Give 9-year-old me a stage and bright lights and I nearly peed my pants from the excitement of all that attention. On ME.

Sadly, as hard as I tried, as much as I honed my performance skills with home productions of Aladdin, The Little Mermaid and the nativity scene (I’m not sure it was even Christmas when I came up with that one, but we had a light blue sheet that was just screaming to be made into Mary’s cloak), it turns out that I didn’t have an ounce of acting talent in my still unflexible body.

In park district plays (where everyone got a part), I scored roles that included a nameless munchkin, Card Soldier #2, and one of Snow White’s dwarves. When I tried out for the middle school play in 6th grade and didn’t even get in the ensemble, I got the hint.

FAIL. Again.

And then there was the guitar. In high school, I was dying to be that cool folksy girl who could win everyone over with her stylings on the acoustic guitar. After all, I boasted an impressive collection of hemp necklaces and most of my clothes came from resale shops, so a guitar just went with the territory.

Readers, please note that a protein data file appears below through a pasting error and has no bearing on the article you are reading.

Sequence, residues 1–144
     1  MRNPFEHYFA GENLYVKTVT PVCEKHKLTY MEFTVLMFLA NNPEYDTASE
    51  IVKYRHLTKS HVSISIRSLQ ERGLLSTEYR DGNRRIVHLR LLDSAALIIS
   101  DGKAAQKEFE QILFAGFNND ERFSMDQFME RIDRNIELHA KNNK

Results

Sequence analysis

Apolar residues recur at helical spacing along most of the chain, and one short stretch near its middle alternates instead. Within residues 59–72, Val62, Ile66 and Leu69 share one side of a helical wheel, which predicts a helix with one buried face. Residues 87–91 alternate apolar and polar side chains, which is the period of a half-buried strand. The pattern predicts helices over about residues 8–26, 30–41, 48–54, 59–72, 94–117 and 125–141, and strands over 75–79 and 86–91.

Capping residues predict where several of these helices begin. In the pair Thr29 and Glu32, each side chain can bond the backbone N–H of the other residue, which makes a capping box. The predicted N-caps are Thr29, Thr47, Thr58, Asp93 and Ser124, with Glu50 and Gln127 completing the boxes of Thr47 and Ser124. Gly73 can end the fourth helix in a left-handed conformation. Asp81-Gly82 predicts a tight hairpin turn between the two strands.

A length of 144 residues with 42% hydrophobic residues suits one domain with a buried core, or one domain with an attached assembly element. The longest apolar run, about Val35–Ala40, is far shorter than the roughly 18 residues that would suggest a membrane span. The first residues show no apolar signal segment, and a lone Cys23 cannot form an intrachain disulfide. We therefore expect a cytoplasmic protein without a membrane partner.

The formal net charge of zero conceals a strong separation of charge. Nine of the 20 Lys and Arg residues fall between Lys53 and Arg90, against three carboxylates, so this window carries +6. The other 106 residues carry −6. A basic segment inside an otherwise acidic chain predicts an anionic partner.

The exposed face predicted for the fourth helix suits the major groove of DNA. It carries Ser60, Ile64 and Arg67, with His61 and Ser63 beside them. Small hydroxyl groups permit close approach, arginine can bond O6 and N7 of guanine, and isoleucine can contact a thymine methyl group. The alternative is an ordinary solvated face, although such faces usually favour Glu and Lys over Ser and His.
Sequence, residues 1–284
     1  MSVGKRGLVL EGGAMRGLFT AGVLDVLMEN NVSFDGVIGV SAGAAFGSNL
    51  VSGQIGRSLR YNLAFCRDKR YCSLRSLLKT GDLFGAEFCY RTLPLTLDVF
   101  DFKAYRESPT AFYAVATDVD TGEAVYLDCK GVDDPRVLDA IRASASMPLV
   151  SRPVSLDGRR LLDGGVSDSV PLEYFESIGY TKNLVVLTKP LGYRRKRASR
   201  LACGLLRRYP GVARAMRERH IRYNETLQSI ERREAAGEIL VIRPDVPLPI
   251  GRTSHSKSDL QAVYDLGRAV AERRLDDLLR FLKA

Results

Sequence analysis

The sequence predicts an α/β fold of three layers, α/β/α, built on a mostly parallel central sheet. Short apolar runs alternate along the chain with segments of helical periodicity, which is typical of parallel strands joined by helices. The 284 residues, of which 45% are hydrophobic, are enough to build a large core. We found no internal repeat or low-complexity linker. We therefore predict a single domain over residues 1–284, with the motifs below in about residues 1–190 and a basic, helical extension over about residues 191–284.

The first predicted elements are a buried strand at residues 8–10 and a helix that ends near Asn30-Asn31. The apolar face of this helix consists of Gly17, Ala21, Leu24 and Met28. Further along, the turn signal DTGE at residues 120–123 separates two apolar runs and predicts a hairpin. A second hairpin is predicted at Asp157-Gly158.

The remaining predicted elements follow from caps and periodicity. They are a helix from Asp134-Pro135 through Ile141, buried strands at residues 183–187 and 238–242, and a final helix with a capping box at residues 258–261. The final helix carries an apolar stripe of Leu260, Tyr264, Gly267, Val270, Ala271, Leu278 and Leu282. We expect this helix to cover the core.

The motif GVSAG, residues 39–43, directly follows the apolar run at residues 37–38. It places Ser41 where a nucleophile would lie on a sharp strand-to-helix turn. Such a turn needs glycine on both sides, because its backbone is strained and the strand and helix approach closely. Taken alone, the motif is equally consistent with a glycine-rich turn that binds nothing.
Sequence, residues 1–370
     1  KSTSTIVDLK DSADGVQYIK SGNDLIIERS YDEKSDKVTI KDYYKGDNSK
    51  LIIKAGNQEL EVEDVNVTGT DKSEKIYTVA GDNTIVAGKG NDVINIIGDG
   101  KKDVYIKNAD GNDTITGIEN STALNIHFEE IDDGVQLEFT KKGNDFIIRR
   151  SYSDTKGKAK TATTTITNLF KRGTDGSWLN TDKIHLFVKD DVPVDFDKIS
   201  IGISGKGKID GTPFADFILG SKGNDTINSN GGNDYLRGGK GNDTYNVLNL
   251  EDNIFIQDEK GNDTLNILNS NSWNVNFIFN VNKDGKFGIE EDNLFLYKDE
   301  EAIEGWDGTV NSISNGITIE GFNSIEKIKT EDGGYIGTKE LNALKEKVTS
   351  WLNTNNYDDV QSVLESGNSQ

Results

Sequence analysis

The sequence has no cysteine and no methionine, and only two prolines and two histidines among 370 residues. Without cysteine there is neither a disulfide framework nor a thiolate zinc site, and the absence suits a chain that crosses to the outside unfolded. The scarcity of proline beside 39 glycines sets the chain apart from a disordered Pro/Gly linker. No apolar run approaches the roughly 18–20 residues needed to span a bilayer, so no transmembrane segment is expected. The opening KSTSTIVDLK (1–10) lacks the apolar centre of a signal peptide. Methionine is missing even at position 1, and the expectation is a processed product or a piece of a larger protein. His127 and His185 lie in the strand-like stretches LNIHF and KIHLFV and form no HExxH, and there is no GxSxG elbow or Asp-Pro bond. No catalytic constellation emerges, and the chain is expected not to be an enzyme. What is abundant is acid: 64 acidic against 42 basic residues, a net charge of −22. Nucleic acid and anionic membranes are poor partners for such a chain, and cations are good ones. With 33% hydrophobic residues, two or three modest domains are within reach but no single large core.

My ever-encouraging parents (who were probably thinking at this point “She has to be good at something, right?”) agreed to buy me a guitar for my birthday and pay for lessons.

I quit after a few classes, partly because my teacher literally could not stop laughing at me. Jerk.

Too bad knowing a few chords from Free Fallin’ and Sweet Home Alabama does not a rockstar make.

FAIL, redux.